We live in 2014 for goodness sake! It really makes me wonder at the state of humanity that we are STILL exploiting women and children. And I also think this is where most people are getting confused in directing their horror and frustration at this story. It's easiest to throw up our arms and say 'surrogacy is morally corrupt', 'there should be a blanket ban worldwide' and that people seeking surrogates are 'horrible human beings'. But that isn't the case and it doesn't solve anything. That doesn't deal with the fundamental problems of infertility or the exploitation of women, it simply tarnishes everyone with the same soiled brush.


I honestly don't know what the answer is.

I have been contacted by a number of media outlets to state my opinion, but have declined out of respect for Zander's parent's and the privacy of his family. But it has certainly got me thinking about the process of surrogacy in Australia versus other countries around the world. At one point I probably would have pushed for surrogacy in Australia to become commercial like many other countries, as it seems like in Australia the surrogate is the one doing all the work and taking all the risk, but the only one NOT to benefit financially! But I think I've done a backflip on that opinion this week.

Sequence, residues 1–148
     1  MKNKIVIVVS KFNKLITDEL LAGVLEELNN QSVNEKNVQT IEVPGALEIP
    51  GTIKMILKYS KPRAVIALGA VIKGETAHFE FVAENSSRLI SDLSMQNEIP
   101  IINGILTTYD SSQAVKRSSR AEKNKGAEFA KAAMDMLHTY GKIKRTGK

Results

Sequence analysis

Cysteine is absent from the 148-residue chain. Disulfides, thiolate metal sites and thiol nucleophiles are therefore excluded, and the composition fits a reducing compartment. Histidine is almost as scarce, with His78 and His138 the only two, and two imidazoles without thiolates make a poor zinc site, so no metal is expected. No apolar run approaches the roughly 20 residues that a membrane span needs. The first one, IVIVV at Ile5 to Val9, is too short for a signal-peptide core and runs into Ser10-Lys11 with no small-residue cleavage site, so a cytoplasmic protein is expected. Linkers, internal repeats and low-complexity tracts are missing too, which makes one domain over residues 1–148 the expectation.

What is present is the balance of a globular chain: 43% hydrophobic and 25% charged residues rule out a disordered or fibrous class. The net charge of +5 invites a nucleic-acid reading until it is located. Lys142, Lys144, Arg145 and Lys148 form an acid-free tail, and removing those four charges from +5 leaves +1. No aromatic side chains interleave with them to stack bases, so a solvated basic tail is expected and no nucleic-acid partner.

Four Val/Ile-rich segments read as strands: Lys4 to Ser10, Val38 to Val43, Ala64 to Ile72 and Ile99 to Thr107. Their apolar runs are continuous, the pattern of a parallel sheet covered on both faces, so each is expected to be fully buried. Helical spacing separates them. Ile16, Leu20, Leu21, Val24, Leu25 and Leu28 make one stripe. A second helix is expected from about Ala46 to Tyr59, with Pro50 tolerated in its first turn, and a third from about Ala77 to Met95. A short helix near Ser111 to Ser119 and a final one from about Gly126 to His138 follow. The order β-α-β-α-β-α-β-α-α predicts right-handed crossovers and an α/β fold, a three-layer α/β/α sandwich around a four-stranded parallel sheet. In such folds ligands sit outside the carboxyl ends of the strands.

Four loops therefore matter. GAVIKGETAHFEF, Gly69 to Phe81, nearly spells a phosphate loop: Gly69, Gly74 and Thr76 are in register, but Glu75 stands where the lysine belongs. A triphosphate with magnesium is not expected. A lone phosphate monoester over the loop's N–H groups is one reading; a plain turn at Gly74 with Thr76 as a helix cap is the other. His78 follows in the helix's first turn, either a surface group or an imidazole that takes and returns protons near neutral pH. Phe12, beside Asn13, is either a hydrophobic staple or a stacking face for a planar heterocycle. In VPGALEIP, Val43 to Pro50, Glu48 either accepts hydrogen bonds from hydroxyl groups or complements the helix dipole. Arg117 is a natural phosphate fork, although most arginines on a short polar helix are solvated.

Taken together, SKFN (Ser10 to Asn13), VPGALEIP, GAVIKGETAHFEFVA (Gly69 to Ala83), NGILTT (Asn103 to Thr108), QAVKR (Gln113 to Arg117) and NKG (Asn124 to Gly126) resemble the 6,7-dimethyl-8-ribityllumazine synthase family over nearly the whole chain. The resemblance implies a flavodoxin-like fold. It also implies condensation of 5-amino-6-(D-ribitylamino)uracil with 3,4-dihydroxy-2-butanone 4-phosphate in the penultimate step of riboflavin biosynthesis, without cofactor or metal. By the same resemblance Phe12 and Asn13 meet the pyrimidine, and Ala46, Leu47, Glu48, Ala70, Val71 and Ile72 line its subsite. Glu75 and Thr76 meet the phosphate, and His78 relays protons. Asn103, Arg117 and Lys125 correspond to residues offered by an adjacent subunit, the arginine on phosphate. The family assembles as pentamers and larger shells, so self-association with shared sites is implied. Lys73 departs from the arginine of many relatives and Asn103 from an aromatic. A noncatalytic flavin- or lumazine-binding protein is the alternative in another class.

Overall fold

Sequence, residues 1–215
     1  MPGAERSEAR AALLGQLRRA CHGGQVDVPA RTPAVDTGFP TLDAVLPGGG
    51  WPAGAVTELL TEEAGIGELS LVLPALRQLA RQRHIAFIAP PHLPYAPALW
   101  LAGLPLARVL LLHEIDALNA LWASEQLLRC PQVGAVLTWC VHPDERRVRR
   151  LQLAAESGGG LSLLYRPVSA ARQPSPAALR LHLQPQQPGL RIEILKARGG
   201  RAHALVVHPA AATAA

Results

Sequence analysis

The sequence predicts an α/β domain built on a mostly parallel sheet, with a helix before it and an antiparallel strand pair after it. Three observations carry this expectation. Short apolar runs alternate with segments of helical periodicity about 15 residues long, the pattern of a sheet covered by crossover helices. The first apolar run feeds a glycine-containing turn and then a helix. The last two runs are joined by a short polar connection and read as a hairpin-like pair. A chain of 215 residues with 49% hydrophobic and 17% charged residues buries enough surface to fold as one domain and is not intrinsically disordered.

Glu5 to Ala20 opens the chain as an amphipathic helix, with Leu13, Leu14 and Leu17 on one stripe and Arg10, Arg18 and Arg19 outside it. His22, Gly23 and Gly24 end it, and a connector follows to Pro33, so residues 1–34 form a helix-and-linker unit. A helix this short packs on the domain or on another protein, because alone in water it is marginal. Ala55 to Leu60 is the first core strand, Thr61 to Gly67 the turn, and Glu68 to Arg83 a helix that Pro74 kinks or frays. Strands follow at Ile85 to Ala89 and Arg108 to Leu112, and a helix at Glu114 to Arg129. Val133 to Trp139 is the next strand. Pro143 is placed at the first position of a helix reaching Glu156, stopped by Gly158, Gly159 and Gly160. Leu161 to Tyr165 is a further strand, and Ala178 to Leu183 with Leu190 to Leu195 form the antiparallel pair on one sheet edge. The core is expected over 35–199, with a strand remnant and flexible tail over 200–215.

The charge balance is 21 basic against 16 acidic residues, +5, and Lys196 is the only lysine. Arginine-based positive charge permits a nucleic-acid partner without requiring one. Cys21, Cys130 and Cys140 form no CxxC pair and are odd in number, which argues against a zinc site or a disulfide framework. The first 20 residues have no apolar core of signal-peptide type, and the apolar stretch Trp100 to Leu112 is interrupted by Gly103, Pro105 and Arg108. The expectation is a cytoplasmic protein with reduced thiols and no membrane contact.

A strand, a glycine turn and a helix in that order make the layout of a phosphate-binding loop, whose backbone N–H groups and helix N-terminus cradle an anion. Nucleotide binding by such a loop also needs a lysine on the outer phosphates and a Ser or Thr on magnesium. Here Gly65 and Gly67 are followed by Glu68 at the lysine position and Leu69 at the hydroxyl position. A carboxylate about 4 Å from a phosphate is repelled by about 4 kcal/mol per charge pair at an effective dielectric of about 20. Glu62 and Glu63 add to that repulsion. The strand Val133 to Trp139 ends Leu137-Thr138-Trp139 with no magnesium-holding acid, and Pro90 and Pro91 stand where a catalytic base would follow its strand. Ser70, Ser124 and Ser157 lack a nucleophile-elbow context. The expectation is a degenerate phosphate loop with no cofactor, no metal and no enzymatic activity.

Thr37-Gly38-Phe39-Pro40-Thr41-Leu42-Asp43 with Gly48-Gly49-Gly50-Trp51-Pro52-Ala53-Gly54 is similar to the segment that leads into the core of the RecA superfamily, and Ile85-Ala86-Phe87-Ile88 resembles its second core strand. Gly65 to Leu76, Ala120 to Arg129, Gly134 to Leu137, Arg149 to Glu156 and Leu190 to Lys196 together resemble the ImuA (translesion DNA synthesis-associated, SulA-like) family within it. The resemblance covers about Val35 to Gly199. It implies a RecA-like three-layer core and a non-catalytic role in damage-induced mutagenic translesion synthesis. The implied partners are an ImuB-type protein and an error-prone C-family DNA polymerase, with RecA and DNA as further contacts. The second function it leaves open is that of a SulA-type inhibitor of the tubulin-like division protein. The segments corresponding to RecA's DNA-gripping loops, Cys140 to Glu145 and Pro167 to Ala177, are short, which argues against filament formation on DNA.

I don't know that there can be a system where a surrogate is paid for her 'services', that doesn't open itself up for exploitation? Would it then become those with means seeking out those without? Women may be coerced into becoming a surrogate by the prospect of a 'payout' when maybe they otherwise wouldn't have offered? I honestly don't believe this would be the situation everytime - there will always be women willing to be a surrogate regardless of financial gain (strange but true - they do exist!), but it does feel like a bit of a moral minefield. Money has a long history of corrupting otherwise innocent scenarios...